Until agents with proven neuroprotective or disease-modifying effects become available, the choice of initial treatment must be tailored to each patient's requirements. Several factors should be considered when determining whether to initiate treatment and which treatment option to use. These factors include functional disability, disease severity, age, employment status, lifestyle, cognitive and psychiatric status, handedness, predominantly affected side, the presence of comorbid conditions and economic status. Once the decision has been made to start symptomatic treatment, the best choice for each individual patient must be identified. Moreover, drugs available locally are also important.

However, in an ideal situation, an effective evidence-based guideline will be as follows:

  1. At this point of time, there is no definite neuroprotective therapy available for PD.
  2. Mild symptoms and signs without functional impairment should be observed till mild functional impairment starts appearing.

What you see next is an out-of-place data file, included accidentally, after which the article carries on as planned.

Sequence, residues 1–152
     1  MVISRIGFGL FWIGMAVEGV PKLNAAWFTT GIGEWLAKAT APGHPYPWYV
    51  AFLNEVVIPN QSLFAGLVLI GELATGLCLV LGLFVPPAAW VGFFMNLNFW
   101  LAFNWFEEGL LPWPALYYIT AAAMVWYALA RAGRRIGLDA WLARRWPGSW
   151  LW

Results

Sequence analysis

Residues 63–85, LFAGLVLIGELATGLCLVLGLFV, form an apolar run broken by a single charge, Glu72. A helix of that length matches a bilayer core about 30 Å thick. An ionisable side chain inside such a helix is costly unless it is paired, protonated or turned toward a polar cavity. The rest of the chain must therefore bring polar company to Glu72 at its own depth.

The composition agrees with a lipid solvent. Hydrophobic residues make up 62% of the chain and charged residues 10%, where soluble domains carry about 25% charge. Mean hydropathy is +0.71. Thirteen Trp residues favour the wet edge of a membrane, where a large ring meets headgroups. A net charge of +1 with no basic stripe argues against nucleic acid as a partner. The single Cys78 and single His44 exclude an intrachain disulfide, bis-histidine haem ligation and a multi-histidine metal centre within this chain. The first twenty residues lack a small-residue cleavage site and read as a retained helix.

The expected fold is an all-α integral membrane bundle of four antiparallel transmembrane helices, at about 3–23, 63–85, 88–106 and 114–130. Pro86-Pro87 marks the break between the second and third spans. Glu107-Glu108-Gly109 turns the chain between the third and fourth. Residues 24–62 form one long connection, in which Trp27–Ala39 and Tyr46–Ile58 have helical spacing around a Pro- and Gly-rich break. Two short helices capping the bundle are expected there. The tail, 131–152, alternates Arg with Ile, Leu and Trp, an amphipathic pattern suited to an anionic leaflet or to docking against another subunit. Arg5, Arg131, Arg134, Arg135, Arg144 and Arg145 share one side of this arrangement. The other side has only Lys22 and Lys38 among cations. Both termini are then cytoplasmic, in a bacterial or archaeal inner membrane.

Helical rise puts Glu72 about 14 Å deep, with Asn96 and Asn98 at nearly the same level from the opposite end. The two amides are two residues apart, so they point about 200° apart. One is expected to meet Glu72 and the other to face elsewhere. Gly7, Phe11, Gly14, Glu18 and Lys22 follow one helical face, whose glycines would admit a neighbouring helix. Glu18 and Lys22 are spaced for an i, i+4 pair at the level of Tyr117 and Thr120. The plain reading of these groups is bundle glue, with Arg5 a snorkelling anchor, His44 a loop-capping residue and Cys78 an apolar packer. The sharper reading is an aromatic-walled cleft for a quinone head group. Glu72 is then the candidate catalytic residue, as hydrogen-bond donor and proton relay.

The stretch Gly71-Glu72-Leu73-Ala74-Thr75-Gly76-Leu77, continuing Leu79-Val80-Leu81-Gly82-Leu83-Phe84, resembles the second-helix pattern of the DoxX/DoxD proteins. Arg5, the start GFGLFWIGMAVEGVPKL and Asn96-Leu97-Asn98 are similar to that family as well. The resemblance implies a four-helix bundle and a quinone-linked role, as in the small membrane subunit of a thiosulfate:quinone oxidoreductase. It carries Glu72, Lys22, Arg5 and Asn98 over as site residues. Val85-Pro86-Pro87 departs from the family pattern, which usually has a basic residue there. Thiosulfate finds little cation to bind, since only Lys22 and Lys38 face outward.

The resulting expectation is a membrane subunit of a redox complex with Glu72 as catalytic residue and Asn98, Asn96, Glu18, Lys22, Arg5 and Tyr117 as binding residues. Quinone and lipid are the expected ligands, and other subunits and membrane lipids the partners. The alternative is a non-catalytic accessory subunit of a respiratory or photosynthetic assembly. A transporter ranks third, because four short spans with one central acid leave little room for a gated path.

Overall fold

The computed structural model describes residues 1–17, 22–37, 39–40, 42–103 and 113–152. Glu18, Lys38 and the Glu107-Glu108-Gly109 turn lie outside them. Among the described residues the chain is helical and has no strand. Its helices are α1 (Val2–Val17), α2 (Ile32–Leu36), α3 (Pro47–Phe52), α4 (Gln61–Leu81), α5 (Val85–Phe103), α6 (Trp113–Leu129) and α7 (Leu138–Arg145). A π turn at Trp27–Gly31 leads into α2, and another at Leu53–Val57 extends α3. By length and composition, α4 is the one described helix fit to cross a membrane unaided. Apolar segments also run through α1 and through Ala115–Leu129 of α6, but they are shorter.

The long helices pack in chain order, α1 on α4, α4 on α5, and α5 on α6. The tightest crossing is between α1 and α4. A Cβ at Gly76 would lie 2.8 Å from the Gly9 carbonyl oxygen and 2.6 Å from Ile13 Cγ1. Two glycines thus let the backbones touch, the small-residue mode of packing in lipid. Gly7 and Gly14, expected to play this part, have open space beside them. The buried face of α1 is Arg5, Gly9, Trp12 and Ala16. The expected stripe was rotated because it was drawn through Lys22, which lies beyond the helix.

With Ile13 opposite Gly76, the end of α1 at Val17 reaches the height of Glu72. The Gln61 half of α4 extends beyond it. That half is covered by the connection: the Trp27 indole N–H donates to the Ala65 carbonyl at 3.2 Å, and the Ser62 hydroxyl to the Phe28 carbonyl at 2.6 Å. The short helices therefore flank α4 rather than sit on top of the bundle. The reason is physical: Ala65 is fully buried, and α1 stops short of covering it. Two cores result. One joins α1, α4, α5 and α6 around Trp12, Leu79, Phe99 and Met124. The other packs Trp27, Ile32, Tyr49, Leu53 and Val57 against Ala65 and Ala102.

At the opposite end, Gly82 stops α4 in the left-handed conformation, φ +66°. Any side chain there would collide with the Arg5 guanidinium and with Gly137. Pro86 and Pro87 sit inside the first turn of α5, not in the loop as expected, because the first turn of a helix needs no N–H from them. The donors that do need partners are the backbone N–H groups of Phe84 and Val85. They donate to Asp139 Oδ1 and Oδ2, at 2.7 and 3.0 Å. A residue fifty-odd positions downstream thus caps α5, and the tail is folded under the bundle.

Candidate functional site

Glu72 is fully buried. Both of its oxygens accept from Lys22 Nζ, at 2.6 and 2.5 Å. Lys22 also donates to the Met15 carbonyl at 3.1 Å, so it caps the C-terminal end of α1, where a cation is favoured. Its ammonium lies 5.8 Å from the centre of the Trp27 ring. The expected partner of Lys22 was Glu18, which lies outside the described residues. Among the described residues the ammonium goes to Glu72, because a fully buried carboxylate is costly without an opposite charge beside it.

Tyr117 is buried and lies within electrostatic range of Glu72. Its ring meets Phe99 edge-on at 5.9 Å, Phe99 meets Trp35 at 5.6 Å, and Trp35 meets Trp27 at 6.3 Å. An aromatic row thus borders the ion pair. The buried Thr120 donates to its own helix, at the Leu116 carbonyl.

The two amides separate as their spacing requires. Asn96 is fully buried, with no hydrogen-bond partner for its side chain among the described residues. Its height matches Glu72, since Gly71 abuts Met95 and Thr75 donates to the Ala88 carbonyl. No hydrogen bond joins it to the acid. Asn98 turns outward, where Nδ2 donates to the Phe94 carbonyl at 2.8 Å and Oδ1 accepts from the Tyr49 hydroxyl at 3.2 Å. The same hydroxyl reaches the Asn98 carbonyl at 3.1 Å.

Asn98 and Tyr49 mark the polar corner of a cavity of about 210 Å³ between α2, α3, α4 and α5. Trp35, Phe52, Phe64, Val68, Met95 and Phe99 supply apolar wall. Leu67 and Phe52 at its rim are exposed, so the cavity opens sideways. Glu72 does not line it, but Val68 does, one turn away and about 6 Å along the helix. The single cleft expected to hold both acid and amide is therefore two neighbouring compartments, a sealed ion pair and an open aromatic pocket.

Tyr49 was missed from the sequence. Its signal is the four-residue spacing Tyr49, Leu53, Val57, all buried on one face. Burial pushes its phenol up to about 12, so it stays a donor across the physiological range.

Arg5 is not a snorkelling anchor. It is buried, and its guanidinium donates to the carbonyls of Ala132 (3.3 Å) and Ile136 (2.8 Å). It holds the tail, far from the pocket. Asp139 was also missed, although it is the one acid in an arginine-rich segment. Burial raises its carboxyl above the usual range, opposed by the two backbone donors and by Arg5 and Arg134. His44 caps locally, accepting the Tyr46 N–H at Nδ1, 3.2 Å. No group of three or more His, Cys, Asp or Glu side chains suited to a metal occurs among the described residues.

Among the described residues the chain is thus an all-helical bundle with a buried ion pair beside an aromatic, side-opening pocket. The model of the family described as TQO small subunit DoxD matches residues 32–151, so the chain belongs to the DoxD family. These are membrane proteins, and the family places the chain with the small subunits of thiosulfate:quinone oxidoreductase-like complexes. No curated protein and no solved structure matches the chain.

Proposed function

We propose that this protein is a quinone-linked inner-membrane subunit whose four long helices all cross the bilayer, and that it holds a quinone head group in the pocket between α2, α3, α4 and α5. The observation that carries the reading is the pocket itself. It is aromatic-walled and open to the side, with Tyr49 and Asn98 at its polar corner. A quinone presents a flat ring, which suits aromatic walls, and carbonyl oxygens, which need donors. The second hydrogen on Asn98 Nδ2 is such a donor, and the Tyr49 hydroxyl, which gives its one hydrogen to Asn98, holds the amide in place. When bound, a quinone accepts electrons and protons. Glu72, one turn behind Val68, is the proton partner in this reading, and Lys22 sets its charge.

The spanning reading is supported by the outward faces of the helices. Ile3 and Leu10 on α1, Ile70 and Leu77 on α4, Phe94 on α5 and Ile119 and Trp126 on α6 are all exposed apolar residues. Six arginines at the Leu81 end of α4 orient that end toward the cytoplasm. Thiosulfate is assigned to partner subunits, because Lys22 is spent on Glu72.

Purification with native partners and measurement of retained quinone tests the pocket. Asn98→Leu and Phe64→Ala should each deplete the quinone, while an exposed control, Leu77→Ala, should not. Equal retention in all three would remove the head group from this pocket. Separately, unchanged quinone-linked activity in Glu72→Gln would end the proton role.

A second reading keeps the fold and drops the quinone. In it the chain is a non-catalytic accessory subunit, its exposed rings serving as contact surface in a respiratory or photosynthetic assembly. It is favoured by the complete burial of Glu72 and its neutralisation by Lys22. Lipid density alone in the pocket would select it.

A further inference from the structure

3. In a patient with mild functional impairment, it is preferable to initiate with an MAO-B inhibitor (Level 1 evidence).
  4. If or when MAO-B inhibitor is insufficient or symptoms worsen, the subject should be switched to or add levodopa/carbidopa or non-ergot dopa agonist (pramipexol or ropinirole).
In a patient older than 65 years, who has cognitive or psychiatric issues, or significant comorbidities, initiation of a low dose of levodopa and carbidopa preparation which is to be slowly increased as clinically necessary is recommended with or without an MAO-B inhibitor.

In a patient younger than 65 years, the choice is a DA or anticholinergics or amantidine which could be initiated or added to an MAO-B inhibitor. Dose is to be escalated as required and tolerated. Then, l-dopa and carbidopa preparation should be added when agonist monotherapy becomes insufficient or is not tolerated (Level 1 evidence).

  1. Use of anticholinergics and amantidine in early PD has however lower level of evidence.
  2. Evidence is still required to recommend starting levodopa/carbidopa/entacapone instead of levodopa/carbidopa when indicated.

   References Top

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2.The Parkinson Study Group. Effects of tocopherol and deprenyl on the progression of disability in early Parkinson's disease. The Parkinson Study Group. N Engl J Med 1993;328:176-83.   Back to cited text no. 2